Upon exiting the parking garage, I swiped my debit card through the self-pay machine, the cross-arm lifted, and I slammed the accelerator. As I raced to a meeting thirty minutes away, it occurred to me that something was amiss. With my eyes fixed on the proper route back to my office, I had failed to observe the exorbitant parking cost. The receipt caught my attention at a stoplight, and I exclaimed, “Three hundred dollars!” At the next stoplight, I managed to call the telephone number on the receipt. By the grace of God, the parking company’s manager, Sheila, answered the phone, which, she later informed me, she rarely does. Out of kindness, Sheila reviewed a list of transactions from the garage I exited and assured me there had been no three-hundred-dollar charge. My relief fleeted as she declared, “Aw, honey, it’s worse than that. You spent $1,300. Our machines can’t print that many digits on a receipt so it must have dropped the 1.”
“What? I only parked for two hours!” Because Sheila was the nicest parking garage manager in the profession’s history, she agreed to take a look at the receipt once I could send it to her.
So I called Cherie.
“I need you to transfer some money into the checking account. I just spent $1,300 on parking.” While this was strange to say, I’m sure it was even more bizarre to hear. My circumstances limited my options and forced me to get right to the point. Those two sentences were all I said to Cherie before ending the call.
After a few unsuccessful attempts to scan and e-mail the receipt to Sheila, I finally forwarded a picture of it. Sheila canceled the excessive charge.
Aside from a complicated scheme to gain free downtown parking, we learned two important lessons from the fiasco. First, having $1,300 can prevent financial disaster. Years of frugality, toil, and paying off debt got us to the point where my $1,300 error would not have broken us. A few years prior, an unexpected $1,300 hit would have overdrawn our funds and bounced a litany of checks. I’m confident my conversation with Sheila wouldn’t have succeeded either; let alone my conversation with Cherie. Financial stress inhibits effective communication.
The second and more powerful lesson gained: trust takes time. Cherie trusted me enough to know that if I made a confounding request, it must be legitimate–embarrassing, but legitimate. Unwavering trust doesn’t happen overnight. Since I had not made multiple strange and excessive financial requests over the course of our marriage, Cherie trusted me without hesitation in a critical time-constrained moment. She wasn’t harsh, she didn’t freak out, she didn’t even call later to ask, “You did what?” In order to achieve a higher level of trust with your finances and beyond, employ the following habits.
Let your yes be yes and your no be no. Consistency fosters financial foreplay. Why? Because following through on your word is sexy. When you make any kind of promise and fulfill it to your spouse, the balance in your “trust account” goes up. Following through on your financial commitments yields trust in all areas of your marriage, including the bedroom. It’s easier to make a promise than to keep a promise. Couples who agree on a financial plan and adhere to the plan know they can trust one another. Cherie trusted me in my parking garage gaffe because I’m consistent in my frugality and refrain from goofball financial moves. Cherie built trust with me by not overreacting about my financial error and inattention.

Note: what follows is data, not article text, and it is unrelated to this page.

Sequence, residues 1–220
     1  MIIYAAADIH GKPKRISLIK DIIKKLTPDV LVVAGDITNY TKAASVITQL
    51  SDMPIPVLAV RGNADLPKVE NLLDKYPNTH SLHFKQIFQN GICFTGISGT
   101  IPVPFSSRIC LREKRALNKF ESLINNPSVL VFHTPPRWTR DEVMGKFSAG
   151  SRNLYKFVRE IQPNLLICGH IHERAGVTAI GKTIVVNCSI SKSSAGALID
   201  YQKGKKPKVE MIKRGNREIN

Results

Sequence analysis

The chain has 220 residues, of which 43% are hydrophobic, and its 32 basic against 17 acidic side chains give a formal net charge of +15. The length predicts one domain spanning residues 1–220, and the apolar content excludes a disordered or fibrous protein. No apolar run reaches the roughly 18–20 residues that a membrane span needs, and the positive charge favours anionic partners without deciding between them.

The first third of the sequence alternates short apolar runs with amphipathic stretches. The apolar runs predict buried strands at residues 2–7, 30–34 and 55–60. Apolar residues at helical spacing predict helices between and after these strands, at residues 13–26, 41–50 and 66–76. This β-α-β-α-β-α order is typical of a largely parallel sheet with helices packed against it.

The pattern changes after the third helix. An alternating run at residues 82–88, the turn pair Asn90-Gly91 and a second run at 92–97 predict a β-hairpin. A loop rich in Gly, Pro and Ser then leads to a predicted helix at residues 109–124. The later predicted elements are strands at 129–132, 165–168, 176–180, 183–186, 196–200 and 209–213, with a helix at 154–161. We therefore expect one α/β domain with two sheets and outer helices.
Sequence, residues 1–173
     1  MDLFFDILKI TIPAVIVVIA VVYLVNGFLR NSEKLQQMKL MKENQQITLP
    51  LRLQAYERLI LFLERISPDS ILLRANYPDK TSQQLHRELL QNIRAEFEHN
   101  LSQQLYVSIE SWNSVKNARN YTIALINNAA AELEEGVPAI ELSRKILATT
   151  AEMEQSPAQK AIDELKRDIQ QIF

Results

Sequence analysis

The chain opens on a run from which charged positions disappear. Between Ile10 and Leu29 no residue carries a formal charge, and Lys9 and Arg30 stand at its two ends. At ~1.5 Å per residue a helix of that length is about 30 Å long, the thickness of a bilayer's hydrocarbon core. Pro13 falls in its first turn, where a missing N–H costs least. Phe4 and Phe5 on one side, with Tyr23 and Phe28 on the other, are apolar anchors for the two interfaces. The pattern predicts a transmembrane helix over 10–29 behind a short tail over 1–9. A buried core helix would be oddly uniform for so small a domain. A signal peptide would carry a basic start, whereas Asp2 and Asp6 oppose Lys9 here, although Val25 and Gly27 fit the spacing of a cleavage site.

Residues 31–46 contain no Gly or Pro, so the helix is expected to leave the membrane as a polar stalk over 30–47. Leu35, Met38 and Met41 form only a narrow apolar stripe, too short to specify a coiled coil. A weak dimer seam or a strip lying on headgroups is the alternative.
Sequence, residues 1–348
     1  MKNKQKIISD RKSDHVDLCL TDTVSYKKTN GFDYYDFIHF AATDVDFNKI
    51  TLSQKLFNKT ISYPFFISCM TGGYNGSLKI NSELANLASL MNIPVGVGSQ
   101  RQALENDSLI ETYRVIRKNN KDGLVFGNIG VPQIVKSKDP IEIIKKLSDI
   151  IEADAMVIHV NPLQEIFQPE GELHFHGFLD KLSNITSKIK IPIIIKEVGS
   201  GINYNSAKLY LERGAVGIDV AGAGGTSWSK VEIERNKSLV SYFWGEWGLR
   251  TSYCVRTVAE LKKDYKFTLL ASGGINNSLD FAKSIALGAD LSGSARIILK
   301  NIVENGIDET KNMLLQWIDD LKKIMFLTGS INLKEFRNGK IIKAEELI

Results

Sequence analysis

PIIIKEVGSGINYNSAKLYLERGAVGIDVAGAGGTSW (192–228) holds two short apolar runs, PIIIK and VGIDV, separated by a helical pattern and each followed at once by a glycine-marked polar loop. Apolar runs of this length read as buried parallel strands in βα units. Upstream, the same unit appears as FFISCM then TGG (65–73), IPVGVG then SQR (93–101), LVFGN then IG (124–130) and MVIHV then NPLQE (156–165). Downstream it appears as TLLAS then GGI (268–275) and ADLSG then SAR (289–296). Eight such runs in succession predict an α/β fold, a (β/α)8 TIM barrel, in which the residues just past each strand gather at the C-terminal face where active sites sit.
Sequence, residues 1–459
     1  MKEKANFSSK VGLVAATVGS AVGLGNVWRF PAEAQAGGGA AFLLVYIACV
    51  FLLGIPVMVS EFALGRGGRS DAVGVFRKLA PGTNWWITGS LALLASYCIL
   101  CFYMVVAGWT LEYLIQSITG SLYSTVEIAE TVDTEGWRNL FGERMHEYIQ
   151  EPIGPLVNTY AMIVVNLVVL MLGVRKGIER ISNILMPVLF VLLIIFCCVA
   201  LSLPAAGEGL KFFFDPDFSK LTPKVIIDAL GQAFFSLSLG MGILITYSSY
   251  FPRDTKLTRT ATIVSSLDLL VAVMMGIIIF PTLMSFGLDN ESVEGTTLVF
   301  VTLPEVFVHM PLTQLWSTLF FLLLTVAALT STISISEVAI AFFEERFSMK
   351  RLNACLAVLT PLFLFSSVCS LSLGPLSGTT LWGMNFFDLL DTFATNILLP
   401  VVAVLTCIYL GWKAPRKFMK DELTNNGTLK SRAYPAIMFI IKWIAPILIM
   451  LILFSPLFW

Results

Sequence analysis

A vow is a vow.
Committing to your financial plan isn’t about the five, ten, or one hundred dollars spent or saved but about a sacred promise. In marriage, all promises are sacred. When you agree on your finances and follow through, the commitment communicates a message without words: “She’s serious about this” or “He’s really going to keep his promises.” The message translates even deeper because establishing trust in your finances constructs confidence in your vows. “He does what he says he’s going to do” transcends finances. If you can handle the little things, you can handle the big things. It might seem silly that fulfilling a small pledge like “I’m not going to grab my morning latte” for just a couple of weeks evidences commitment not only to the budget but also to your mate.
Go big or go home is not the answer here. The steady steps of small decisions over time pave the path to the pinnacle of trust. If you go too big, too fast, you will fail with a capital F. For example, instead of just giving up your morning latte habit, you decide to give up coffee, caffeine, sugar, sugar substitutes, meat, social media, cable TV, video games, and all your annoying habits (oh, you have them). I’ll play the odds on this one, and take the sure bet you’re going to fail–miserably. When you declare lofty intentions to your spouse and fall short within the hour, it takes longer than you realize to rebound. However, if you start with attainable goals and persist over time, your spouse notices more successes than failures. Through dependability and fortitude, you slowly release control and steadily build trust.
No more secrets.
Keeping secrets about money leads to keeping secrets about extramarital affairs. Cheating on your spouse starts somewhere. Keeping secrets with money trains you to lie to your husband or wife for selfish pursuits. It’s financial infidelity. Financial infidelity is a close look-a-like cousin to marital infidelity. They have the same last name. Initially, you’ll get away with lying and the secret will feel safe. Eventually, the habitual secret-keeping grows and festers into your entire relationship.